The one thing I haven't fixed yet is being on a routine/schedule. It isn't the best to work, sleep, and relax in the same room every day, but I've been working out of the house more lately which has seemed to help.
For me, it's mostly been coffee shops and places to eat. I might start going to a university library that has many free meeting rooms, but that's the closest "large" library near me.
We're not profitable but on some months we're cash flow positive. We don't aim to be cash flow positive until 2022.
I’d assume both income and employee count is mostly steady, unless you’re hiring people just about as fast as cash flow is increasing?
On average we have negative cash flow since we're investing the money we raised in growth by doubling incremental annual contract value every year.
But in some months we have a few large orders that push us to cash flow positive.
We could be cash flow positive every month but that would at the cost of our rate of development. Right now we're focussed on making GitLab a single application for the entire DevOps lifecycle. That means we have to make a lot of progress every month https://about.gitlab.com/2018/10/22/gitlab-11-4-released/
My personal experience in recruiting since 2004 for Engineers, is that some markets like San Francisco, NYC are so so competitive and super expensive to hire, it makes a LOT of sense to think about have completely remote teams or partially remote. There is a lot of technical talent beyond the major markets.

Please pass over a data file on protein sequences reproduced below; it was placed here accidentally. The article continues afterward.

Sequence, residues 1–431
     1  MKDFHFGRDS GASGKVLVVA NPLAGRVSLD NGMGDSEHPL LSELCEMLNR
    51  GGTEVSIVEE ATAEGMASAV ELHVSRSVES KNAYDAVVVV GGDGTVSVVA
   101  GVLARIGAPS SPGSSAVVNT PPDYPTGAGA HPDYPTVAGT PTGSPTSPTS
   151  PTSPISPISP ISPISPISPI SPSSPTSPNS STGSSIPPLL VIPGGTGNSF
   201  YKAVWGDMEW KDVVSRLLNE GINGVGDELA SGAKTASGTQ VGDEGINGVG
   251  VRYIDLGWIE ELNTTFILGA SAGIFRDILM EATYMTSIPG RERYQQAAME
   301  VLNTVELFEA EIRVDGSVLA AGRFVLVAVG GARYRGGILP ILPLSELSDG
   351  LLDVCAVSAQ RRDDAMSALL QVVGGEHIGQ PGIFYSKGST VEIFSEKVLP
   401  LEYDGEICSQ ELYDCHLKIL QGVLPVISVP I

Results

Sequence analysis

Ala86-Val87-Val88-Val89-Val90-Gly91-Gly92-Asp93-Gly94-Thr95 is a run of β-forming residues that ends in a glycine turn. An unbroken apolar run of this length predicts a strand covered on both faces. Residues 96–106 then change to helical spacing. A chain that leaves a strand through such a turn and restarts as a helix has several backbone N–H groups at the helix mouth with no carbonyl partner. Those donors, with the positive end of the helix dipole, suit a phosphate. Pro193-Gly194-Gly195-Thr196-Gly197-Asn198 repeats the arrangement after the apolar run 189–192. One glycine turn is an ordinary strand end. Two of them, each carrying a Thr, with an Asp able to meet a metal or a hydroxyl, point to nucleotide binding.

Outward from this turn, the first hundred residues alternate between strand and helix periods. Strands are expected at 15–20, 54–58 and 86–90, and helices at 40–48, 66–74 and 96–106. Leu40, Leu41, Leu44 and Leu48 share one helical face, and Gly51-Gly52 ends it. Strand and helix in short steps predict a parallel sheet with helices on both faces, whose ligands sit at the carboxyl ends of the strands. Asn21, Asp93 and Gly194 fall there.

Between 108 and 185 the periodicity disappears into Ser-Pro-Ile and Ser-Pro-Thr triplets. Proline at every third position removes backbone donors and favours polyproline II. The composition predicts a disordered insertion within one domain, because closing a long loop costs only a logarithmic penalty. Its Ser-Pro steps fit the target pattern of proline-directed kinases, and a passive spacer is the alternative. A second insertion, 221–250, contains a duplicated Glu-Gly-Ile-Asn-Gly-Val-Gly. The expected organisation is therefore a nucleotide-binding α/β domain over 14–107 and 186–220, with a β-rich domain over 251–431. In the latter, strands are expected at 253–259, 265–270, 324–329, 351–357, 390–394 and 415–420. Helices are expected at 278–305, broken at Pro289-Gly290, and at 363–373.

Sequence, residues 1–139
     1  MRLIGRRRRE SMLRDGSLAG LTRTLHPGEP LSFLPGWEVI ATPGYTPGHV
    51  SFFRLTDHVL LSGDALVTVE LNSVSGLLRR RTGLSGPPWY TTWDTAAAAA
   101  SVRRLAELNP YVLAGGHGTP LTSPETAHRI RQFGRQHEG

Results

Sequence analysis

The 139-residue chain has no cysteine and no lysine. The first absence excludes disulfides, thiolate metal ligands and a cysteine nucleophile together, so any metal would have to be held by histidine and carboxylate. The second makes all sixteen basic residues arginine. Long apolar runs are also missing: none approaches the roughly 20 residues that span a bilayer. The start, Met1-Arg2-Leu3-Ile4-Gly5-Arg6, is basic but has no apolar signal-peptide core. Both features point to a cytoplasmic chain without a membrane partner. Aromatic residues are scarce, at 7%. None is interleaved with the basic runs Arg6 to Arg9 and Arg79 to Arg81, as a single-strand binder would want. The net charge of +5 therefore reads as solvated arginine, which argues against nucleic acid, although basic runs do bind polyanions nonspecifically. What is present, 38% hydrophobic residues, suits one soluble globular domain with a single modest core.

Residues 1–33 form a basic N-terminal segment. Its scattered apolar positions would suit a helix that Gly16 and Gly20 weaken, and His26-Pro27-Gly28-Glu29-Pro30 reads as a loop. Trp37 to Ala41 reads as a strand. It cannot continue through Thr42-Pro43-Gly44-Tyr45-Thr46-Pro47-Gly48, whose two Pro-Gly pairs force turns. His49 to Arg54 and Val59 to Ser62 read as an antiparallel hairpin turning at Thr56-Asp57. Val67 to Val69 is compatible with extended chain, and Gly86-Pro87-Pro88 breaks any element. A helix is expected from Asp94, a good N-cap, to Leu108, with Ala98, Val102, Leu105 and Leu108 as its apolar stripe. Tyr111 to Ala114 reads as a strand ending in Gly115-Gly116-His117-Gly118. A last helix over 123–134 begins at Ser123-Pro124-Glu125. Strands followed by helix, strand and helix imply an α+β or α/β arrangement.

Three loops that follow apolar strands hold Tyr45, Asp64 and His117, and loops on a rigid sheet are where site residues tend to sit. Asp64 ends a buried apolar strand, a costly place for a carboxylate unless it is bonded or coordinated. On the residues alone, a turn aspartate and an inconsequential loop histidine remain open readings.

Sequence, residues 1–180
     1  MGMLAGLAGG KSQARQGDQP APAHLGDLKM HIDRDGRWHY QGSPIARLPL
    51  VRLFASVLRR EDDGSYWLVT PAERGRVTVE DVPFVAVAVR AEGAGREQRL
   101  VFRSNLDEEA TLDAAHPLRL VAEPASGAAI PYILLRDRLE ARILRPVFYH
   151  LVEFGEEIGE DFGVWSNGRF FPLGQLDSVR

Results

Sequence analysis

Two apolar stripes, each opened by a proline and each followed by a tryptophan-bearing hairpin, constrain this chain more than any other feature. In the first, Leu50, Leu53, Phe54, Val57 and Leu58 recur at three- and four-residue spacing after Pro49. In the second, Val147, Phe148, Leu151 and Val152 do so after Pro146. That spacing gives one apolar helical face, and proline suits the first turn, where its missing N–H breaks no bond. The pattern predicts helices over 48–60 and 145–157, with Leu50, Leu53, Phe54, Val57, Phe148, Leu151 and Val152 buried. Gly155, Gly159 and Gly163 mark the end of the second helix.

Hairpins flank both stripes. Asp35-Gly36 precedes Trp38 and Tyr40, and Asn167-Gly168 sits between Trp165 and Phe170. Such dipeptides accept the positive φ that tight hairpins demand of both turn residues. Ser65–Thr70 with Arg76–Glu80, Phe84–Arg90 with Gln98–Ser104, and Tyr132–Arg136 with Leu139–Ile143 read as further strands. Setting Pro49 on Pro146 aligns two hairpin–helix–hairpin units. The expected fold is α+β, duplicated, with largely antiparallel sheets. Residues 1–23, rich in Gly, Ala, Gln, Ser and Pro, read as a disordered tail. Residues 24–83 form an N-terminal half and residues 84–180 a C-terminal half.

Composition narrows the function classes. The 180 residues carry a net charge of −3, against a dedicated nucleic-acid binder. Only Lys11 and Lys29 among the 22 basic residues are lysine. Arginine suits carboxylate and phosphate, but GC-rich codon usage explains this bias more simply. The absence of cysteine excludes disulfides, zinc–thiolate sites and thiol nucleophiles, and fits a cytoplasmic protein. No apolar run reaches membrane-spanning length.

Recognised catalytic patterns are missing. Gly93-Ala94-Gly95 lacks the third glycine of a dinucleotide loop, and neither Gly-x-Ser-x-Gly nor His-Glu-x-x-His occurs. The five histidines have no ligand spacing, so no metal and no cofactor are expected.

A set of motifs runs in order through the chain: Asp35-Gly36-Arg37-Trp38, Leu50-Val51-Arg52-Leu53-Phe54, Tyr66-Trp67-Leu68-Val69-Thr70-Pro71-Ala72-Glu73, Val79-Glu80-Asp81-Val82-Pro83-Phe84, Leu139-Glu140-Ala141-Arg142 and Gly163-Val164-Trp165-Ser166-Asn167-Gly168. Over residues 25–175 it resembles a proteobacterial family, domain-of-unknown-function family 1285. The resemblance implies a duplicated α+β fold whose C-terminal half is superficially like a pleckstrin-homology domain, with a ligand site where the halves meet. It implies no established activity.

While I think GitHub has picked up the slack pretty effectively, I still think GitLab offers a very compelling package. I didn't use the Kubernetes integration, but we definitely used GitLab CI and registry, and a lot of other features that GitHub didn't or still doesn't really have an equivalent for.
edit: not fully remote but almost, and increasingly
Edit: Based on their job postings, it looks like they have physical offices in at least NYC, Cambridge, and Palo Alto. I'm not sure what the ratio of remote to on-site personnel is these days, but DO is definitely not a fully remote company.
That's really not very impressive. I'm sure this puts them pretty deep in the red (assuming their employees make a good amount more than 30K/year), although they are obviously still in the growth stage. Still, it seems a bit early to be touting this company's success as a remote-first organization though.
We do the 'rent a conference room' so frequently now that it starts to approach renting an office.
"Market rates for roles are different for different regions and countries. We pay market rates instead of paying the same wage for the same role in different regions."
If you have a family of four you will almost ALWAYS be significantly worse off in palo alto. Even if you rent, The average 4 bedroom in palo alto is about 7k per month if your lucky which comes out to 84k which is about 130k in pretax dollars. Day care for 2 kids is about 60k per year. You'll need at least 225K just to scrape by, with no eating out, no vacations, etc..
Someone in London who is on £60k would get £35k if they moved to Bristol, or £30k in Brighton. Definitely a lot lower than market rates.
The London salaries are passable.
The other ones are comedic.
You can commute to London from Brighton.
Basically you're just forcing your employees to live inside the M25 for no reason. Or get postboxes / fake apartments and lie about it.